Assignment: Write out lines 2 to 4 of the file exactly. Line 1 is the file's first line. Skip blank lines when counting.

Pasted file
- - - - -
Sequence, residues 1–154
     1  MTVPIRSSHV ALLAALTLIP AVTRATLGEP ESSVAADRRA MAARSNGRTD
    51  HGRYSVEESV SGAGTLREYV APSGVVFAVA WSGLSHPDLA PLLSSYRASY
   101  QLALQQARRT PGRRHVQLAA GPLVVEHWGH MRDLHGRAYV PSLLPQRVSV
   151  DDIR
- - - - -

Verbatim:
     1  MTVPIRSSHV ALLAALTLIP AVTRATLGEP ESSVAADRRA MAARSNGRTD
    51  HGRYSVEESV SGAGTLREYV APSGVVFAVA WSGLSHPDLA PLLSSYRASY
   101  QLALQQARRT PGRRHVQLAA GPLVVEHWGH MRDLHGRAYV PSLLPQRVSV